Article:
Schools receive $99K grant for computer science
Governor Ralph S. Northam recently announced more than $1.3 million in state grants to support the implementation of Virginia’s Computer Science Standards of Learning (SOLs), including a $99,800 grant to Cumberland County Public Schools.
According to a release from the Office of the Governor, the Virginia General Assembly passed legislation in 2016 requiring that SOLs include computer science and coding. The standards, adopted by the state Board of Education in 2017, are the nation’s first mandatory K-12 computer science standards.
Northam was quoted in the release as saying knowing the basics of computer science can open doors to nearly any career in today’s economy.
“We are working to expand career-connected learning and integrate computer science into the curriculum at every grade level. With these grants, we have a tremendous opportunity to put today’s students on a path to developing the key computer science and coding skills they need to compete for the jobs of tomorrow,” Northam said.
The release said that the 2019 General Assembly authorized up to $1.35 million in grants in order to provide professional development for teachers, create computer science curriculum, instructional resources and assessments, support summer and after-school programs and provide career exposure and work-based learning opportunities for high school students.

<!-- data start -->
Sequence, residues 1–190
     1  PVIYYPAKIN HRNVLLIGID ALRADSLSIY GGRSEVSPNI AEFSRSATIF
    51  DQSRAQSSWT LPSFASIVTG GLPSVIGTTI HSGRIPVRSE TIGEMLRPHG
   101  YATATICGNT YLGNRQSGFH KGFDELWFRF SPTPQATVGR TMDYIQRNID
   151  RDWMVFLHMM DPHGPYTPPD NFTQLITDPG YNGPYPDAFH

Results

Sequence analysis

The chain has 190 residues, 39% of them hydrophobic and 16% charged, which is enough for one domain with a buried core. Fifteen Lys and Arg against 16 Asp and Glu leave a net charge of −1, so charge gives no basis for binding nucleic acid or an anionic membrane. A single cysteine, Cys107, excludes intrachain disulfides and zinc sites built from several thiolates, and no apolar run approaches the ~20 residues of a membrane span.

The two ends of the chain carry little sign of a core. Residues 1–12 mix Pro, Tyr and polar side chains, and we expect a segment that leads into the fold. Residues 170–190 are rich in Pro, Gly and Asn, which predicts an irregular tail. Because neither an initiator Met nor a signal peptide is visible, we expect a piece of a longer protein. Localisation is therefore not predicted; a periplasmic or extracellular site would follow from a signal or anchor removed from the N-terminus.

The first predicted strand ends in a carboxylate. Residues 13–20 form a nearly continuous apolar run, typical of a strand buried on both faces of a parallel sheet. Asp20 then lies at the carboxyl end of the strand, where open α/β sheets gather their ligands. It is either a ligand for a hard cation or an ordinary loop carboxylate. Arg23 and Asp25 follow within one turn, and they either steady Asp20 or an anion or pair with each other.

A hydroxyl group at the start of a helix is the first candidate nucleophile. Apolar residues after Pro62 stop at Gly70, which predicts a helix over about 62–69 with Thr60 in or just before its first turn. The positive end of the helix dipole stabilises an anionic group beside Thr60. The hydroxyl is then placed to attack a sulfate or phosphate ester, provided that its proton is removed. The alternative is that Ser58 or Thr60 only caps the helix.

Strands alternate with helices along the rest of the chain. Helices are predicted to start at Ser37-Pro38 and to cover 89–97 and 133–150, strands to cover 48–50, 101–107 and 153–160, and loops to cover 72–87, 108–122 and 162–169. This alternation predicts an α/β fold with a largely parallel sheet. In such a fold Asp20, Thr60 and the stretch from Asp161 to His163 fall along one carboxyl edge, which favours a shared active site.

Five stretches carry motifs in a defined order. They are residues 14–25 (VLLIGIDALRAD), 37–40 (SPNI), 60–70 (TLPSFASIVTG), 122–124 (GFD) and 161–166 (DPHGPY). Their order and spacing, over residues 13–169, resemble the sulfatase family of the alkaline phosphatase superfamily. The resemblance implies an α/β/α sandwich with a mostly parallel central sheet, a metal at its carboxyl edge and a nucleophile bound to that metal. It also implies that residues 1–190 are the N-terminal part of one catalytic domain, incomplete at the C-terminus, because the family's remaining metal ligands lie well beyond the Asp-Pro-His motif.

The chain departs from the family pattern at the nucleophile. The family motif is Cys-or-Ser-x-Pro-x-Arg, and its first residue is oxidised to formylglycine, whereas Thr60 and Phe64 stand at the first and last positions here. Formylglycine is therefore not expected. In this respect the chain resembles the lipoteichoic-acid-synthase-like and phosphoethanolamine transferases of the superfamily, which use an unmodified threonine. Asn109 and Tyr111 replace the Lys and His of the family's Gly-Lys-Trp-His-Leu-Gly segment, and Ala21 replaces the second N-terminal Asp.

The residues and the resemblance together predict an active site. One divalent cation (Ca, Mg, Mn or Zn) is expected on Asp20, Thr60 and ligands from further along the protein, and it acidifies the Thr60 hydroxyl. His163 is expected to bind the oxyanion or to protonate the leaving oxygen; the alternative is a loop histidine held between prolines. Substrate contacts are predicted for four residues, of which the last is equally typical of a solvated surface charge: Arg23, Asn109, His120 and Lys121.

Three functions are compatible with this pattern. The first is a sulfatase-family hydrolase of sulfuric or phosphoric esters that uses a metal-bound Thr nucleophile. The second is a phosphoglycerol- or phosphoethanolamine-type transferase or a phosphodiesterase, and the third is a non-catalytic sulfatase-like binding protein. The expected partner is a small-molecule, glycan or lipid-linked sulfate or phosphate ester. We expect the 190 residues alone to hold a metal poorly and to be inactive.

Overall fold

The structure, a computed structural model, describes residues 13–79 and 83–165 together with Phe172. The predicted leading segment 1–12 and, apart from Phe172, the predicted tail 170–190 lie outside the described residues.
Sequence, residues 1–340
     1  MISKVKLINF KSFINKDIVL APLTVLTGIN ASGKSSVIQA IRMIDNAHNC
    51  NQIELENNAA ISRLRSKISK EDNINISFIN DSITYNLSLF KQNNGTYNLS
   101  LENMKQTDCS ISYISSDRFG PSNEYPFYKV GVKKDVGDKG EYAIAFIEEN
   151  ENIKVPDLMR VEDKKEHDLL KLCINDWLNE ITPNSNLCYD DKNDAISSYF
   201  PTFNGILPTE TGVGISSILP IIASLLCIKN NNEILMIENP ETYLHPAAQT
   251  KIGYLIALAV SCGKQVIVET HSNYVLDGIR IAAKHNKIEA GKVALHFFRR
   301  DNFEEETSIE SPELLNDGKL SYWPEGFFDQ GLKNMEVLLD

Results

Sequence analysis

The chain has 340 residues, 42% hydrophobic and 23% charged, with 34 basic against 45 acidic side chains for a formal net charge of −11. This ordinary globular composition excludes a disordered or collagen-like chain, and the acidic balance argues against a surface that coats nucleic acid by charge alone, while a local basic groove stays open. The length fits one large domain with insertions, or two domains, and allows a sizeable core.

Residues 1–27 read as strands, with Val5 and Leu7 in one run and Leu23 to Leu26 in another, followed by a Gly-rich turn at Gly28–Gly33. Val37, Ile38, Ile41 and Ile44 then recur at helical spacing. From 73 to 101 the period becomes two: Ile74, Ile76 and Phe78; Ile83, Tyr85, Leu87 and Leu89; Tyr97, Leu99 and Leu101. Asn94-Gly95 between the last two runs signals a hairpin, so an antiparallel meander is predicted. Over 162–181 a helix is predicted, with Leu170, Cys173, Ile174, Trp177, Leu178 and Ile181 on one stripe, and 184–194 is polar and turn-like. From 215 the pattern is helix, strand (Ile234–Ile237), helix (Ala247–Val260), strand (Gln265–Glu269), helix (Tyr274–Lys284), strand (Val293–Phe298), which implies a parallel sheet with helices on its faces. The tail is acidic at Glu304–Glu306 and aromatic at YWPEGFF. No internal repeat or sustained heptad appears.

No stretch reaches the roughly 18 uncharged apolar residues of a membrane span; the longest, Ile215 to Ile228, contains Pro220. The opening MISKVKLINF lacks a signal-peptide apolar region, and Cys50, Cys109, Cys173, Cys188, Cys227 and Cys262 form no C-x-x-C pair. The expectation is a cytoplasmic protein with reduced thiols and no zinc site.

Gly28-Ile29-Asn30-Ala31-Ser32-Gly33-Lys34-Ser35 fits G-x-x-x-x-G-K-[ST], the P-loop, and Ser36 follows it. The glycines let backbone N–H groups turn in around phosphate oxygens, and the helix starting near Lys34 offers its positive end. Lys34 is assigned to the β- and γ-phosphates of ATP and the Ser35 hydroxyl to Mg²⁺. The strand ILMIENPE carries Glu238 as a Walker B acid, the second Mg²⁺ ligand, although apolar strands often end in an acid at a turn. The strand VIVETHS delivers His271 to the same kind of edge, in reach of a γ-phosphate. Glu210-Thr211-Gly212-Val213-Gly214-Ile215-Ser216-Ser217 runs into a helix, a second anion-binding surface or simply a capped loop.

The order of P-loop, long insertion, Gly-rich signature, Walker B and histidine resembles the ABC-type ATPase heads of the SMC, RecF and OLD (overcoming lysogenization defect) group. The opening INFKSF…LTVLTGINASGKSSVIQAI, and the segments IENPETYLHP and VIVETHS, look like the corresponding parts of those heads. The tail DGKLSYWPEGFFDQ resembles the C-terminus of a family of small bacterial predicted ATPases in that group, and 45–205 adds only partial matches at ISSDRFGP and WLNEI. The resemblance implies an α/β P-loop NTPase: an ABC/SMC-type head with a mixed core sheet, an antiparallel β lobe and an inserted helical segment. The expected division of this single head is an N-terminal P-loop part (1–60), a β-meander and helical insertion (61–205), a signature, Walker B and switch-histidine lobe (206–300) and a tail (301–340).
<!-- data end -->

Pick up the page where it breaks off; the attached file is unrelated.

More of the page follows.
Legislation directed that underserved students and schools performing below state standards receive priority in the awarding of the grants.
Virginia Secretary of Education Atif Qarni hoped that the grants would plant a love of computer science within the minds of students across the commonwealth.
“We are excited about being awarded the computer science grant that will assist in providing professional development to Region 8 divisions to incorporate the new computer science standards within the four core content areas,” Cumberland County Public Schools Superintendent Dr. Amy Griffin said in a statement to The Herald.
Griffin added that Cumberland’s grant was written by the school’s Curriculum and Instruction Coordinator Sheri Almond and Dr. Paula Leach, director of the Institute for Teaching through Technology and Innovative Practices at Longwood University.
Griffin said Leach and her team will work to provide the foundation courses for Cumberland’s teachers.
“The grant will also provide funding to purchase equipment that can be used in the classroom and begin the development of curriculum to explore robotics and the use of unmanned aerial vehicles,” Griffin said.
The release said that there is currently no applicable SOL test associated with computer science instruction. These new academic standards have been developed to provide students with a thorough and detailed understanding of the study of computers, their hardware and software designs, their applications and their impact on society.